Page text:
The figure illustrates the range of swells directed at Playa de San Lorenzo over a normal northern hemisphere autumn and is based upon 5144 NWW3 model predictions since 2006 (values every 3 hours). The wave model does not forecast surf and wind right at the coast so we have chosen the best grid node based on what we know about Playa de San Lorenzo. In the case of Playa de San Lorenzo, the best grid node is 53 km away (33 miles).
The rose diagram shows the distribution of swell sizes and directions, while the graph at the bottom shows the same thing but without direction information. Five colours represent increasing wave sizes. Very small swells of less than 0.5m (1.5 feet) high are shown in blue. These happened only 11% of the time. Green and yellow represent increasing swell sizes and red illustrates largest swells greater than >3m (>10ft). In both graphs, the area of any colour is proportional to how commonly that size swell happens.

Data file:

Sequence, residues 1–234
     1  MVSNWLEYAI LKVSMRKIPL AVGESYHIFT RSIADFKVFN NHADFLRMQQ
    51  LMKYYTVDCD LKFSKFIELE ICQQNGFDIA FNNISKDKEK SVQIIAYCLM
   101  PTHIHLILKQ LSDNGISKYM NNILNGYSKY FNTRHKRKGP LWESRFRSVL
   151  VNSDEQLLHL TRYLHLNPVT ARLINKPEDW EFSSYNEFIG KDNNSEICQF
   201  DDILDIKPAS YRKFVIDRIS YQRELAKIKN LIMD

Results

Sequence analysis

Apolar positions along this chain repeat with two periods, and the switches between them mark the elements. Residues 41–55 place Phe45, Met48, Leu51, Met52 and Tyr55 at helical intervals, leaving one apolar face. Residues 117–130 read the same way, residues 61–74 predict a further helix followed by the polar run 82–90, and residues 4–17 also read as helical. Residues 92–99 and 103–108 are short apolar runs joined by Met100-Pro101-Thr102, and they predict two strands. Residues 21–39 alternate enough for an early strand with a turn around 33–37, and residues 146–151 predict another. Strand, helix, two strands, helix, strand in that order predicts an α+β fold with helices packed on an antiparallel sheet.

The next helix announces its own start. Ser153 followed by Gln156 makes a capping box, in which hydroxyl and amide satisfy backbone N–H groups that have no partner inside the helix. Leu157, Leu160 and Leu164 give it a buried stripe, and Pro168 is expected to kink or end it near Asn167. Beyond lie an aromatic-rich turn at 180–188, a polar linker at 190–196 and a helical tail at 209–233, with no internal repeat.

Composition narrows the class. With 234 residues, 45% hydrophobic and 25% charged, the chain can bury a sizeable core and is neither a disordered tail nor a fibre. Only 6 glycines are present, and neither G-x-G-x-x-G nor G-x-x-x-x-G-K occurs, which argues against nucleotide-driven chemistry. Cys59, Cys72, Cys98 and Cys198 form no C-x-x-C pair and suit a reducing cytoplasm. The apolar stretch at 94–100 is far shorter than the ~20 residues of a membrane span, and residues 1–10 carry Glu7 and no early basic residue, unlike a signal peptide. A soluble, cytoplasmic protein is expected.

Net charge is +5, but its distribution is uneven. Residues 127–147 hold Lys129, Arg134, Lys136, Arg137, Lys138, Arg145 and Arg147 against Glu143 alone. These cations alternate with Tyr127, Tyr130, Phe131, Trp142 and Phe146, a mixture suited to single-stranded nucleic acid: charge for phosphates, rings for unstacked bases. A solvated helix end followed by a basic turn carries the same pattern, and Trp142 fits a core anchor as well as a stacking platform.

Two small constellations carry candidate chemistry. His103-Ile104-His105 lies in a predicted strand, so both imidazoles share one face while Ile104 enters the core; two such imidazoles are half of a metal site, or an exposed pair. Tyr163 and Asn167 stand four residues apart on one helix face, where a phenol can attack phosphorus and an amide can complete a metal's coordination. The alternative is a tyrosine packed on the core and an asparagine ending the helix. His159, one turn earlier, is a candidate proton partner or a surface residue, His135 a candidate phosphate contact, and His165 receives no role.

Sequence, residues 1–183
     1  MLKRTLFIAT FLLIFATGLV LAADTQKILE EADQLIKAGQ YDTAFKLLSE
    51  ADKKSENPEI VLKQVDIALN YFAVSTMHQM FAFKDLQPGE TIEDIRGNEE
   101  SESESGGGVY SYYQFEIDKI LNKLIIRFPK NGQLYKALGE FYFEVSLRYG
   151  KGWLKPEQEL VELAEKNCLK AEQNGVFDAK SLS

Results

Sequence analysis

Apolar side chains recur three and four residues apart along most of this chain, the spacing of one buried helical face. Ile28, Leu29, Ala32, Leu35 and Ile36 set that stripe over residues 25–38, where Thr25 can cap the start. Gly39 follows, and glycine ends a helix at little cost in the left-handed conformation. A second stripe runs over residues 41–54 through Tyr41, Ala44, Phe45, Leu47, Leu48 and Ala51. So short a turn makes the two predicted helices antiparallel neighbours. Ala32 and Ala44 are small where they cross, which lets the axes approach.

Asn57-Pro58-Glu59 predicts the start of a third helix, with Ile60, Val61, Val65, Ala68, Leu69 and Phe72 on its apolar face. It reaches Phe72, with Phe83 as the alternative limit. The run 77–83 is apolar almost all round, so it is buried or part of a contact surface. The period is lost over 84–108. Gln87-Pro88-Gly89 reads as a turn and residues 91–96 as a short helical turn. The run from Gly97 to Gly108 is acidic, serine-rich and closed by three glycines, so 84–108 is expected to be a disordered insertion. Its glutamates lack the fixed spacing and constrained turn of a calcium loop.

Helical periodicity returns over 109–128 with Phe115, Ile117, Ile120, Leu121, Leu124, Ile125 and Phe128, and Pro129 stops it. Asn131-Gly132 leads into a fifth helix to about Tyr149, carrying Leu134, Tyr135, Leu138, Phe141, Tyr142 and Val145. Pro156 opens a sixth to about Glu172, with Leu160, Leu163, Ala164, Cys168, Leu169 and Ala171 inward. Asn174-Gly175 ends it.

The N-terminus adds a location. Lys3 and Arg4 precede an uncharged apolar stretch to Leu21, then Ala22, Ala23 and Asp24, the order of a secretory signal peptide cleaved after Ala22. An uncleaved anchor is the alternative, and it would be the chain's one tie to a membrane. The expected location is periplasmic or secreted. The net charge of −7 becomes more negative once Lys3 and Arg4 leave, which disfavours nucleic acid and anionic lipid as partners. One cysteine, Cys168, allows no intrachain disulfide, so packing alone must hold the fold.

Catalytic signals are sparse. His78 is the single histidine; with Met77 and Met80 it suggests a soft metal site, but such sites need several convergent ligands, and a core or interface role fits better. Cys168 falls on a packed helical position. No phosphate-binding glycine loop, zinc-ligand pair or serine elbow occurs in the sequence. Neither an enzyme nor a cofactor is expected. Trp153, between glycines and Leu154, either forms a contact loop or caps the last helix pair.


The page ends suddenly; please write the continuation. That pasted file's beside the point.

The diagram implies that the dominant swell direction, shown by the longest spokes, was NW, whereas the the most common wind blows from the NNE. Because the wave model grid is offshore, sometimes a strong offshore wind blows largest waves away from Playa de San Lorenzo and away from the coast. We group these with the no surf category of the bar chart. To avoid confusion we don't show these in the rose diagram. Because wind determines whether or not waves are good for surfing at Playa de San Lorenzo, you can view an alternative image that shows only the swells that were expected to coincide with glassy or offshore wind conditions. During a typical northern hemisphere autumn, swells large enough to cause clean enough to surf waves at Playa de San Lorenzo run for about 75% of the time.
IMPORTANT: Beta version feature! Swell heights are open water values from NWW3. There is no attempt to model near-shore effects. Coastal wave heights will generally be less, especially if the break does not have unobstructed exposure to the open ocean.